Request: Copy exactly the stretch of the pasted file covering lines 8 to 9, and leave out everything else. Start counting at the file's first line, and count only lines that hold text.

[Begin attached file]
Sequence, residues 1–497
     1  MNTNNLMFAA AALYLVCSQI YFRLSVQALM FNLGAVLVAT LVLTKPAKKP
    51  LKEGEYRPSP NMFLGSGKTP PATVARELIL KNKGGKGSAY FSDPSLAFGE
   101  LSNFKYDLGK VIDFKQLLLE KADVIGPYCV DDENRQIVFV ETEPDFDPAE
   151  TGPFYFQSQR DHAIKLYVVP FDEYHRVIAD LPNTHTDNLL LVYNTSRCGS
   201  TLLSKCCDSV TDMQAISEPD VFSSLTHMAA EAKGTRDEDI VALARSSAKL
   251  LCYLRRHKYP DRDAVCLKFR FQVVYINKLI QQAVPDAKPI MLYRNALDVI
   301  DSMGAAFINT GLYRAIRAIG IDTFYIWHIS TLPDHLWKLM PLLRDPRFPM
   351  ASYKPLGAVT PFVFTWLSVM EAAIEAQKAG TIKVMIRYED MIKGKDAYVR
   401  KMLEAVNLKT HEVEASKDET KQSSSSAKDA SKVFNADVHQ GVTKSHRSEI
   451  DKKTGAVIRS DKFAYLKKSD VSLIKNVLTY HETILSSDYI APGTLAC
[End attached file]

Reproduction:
   301  DSMGAAFINT GLYRAIRAIG IDTFYIWHIS TLPDHLWKLM PLLRDPRFPM
   351  ASYKPLGAVT PFVFTWLSVM EAAIEAQKAG TIKVMIRYED MIKGKDAYVR